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    Rising preterm birth rates: Time to double down on our efforts

     

     

    1. Increasing use of 17 α-hyroxyprogesterone caproate (17-OHP) in women with prior spontaneous PTB. The original NICHD Maternal-Fetal Medicine Units Network study randomized 459 women with a history of spontaneous singleton preterm delivery to weekly intramuscular injections of 17-OHP versus placebo from 16 to 20 weeks until 36 weeks and demonstrated a reduction in births before 37 weeks (relative risk [RR] of 0.66; 95% CI: 0.54–0.81), 35 weeks (RR 0.67; 95% CI: 0.48–0.93), and 32 weeks (RR 0.58; 95% CI: 0.37–0.91).13  Meta-analysis of 36 trials of either 17-OHP or vaginal progesterone versus placebo in women with a history of spontaneous PTB demonstrates that progesterone reduces perinatal mortality (risk ratio [RR] of 0.50; 95% CI: 0.33–0.75), births <37 weeks (RR 0.55; 95% CI: 0.42–0.74), births <34 weeks (RR 0.31; 95% CI: 0.14–0.69), assisted neonatal ventilation (RR 0.40; 95% CI: 0.18–0.90), necrotizing enterocolitis (RR 0.30; 95% CI: 0.10–0.89), and admission to a neonatal intensive care unit (RR 0.24; 95% CI: 0.14–0.40).14 Thus, I contend that all patients with prior spontaneous PTB should be offered weekly 17-OHP injections, and if not available, vaginal progesterone from 16 to 36 weeks.

    1. Implementing universal screening for short cervices and intervening with vaginal progesterone or cerclage as indicated. Consensus has not been reached on the utility of universal cervical length screening at mid-gestation, or on at what gestational age to initiate the process or even what cervical length cut-off to use. However, there is evidence that vaginal progesterone therapy (via 90-mg gel or 200-mg suppository) reduces PTB in women with shortened cervices (≤20 mm) before 24 weeks who have no history of spontaneous PTB.14 Moreover, there is also evidence that either placement of a cerclage or the addition of vaginal progesterone in women found to have a shortened cervix (15 to 20 mm) at mid-gestation and who had a prior PTB will lower recurrence rates.15 Nonetheless, the Society for Maternal-Fetal Medicine has opined that universal cervical length screening is “reasonable.”16 Indeed, an abstract presented at this year’s ACOG Annual Clinical Meeting reported that 68% of centers with MFM fellowships had implemented cervical length screening.17 However, neither intervention is helpful in multiple gestations or following preterm fetal membrane rupture. Moreover, weekly 17-OHP does not appear to reduce PTB in nulliparous women with short cervices.18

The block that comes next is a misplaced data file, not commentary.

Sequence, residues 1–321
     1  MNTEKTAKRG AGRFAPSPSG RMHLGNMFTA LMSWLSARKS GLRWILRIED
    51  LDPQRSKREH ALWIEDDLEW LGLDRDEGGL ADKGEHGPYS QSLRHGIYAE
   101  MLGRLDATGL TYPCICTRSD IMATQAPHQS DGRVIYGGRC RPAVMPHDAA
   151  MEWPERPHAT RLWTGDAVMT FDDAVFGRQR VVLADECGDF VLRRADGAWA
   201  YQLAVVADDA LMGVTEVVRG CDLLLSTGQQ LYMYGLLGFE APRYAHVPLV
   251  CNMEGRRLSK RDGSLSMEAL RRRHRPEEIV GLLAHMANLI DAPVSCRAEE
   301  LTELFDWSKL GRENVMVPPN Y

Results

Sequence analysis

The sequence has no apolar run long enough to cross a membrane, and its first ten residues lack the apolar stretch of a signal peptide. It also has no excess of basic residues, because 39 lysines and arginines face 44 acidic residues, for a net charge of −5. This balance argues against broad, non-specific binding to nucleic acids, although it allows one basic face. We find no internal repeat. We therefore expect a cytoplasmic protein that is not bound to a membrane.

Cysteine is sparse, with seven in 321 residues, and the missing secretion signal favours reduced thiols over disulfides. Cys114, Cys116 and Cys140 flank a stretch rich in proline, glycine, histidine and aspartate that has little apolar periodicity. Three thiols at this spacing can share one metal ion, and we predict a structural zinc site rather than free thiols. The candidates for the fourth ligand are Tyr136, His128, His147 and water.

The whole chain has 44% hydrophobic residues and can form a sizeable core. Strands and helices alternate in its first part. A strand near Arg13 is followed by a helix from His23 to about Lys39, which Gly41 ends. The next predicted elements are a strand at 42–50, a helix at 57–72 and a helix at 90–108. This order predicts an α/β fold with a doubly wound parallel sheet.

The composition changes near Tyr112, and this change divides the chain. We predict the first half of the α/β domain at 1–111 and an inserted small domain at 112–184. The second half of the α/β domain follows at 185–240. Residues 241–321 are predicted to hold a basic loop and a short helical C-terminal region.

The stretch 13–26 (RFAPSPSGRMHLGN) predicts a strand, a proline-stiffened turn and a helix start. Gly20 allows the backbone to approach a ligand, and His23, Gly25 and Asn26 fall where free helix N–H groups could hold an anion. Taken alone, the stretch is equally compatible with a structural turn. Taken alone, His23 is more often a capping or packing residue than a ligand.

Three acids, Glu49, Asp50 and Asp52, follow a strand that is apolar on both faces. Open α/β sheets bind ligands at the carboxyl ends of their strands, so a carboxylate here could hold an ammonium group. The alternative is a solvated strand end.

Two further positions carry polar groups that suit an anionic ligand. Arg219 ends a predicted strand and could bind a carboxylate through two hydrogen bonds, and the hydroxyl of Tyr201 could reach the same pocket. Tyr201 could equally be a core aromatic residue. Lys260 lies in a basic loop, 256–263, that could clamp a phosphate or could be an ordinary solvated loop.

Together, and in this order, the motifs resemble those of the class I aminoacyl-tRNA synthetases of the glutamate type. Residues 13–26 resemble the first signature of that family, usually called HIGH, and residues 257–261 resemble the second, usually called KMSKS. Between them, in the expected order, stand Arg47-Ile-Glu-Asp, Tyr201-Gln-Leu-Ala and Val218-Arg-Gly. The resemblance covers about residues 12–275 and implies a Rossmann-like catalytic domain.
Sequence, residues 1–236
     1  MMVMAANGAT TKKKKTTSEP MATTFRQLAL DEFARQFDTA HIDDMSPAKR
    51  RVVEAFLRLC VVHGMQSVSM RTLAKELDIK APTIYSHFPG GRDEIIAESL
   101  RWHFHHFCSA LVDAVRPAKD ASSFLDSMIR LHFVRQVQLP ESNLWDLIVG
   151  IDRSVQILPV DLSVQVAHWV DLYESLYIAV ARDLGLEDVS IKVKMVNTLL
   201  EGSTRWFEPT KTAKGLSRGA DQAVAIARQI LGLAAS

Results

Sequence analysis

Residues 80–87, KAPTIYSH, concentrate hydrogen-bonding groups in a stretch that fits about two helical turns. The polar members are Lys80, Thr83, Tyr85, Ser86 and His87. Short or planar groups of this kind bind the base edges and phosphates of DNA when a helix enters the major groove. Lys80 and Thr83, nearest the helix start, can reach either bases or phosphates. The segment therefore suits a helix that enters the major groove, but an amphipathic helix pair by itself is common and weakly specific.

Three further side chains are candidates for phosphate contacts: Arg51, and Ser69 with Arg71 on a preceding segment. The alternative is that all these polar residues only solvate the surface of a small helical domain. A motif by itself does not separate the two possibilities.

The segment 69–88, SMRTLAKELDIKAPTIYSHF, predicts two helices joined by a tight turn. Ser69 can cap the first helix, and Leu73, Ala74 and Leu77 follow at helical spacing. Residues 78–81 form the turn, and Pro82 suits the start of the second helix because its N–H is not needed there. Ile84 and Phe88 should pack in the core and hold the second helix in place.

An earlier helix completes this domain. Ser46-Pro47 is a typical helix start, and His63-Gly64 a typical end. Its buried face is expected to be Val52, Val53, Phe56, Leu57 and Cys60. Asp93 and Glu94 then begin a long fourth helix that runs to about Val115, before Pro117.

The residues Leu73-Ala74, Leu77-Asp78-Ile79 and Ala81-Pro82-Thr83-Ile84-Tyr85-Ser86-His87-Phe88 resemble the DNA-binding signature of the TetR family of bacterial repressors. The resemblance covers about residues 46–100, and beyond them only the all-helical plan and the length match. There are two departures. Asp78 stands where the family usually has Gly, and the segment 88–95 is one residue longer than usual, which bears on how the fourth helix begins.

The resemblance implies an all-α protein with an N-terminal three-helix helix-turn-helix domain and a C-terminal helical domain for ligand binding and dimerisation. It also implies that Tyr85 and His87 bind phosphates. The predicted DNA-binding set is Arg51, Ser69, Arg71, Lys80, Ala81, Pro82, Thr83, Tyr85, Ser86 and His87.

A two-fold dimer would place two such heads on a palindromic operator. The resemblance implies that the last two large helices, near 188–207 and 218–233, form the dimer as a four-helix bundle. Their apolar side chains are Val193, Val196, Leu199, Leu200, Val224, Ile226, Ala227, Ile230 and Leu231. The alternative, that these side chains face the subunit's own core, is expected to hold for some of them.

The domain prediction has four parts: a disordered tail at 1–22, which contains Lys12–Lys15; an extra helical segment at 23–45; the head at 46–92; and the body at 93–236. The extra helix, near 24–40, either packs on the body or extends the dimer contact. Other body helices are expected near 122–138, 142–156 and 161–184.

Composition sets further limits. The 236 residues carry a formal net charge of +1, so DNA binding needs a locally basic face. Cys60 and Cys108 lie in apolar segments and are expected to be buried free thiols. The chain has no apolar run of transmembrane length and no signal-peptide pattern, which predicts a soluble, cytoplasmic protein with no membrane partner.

One cautionary note comes from the recent UK OPPTIMUM trial.19 This was a complex double-blind trial in which women were randomized to vaginal progesterone (200 mg per day) (n=618) versus placebo (n=1228) from 22–24 to 34 weeks if they had a prior PTB at ≤34 weeks, or a cervical length ≤25 mm, or a positive fetal fibronectin test combined with other clinical risk factors for PTB. The authors noted that progesterone did not affect the primary obstetric outcome of fetal death or birth <34 weeks (adjusted OR of 0.86, 95% CI: 0.61–1.22) or a composite neonatal outcome (OR 0.62; 95%CI: 0.38–1.03). However, this study mixed various risk categories and may have been underpowered for these outcomes. Also the presence of an elevated fetal fibronectin suggests that pro-parturition inflammatory processes may well have been under way by the time progesterone therapy was initiated. This is important because we have shown that both abruption (via thrombin) and infection (via interleukin-1β) are associated with significant down-regulation of decidual cell progesterone receptor levels20,21 and in the absence of its receptor even pharmacologic levels of progesterone will be ineffective.

     

    Charles J. Lockwood, MD, MHCM
    Dr. Lockwood, Editor-in-Chief, is Dean of the Morsani College of Medicine and Senior Vice President of USF Health, University of South ...

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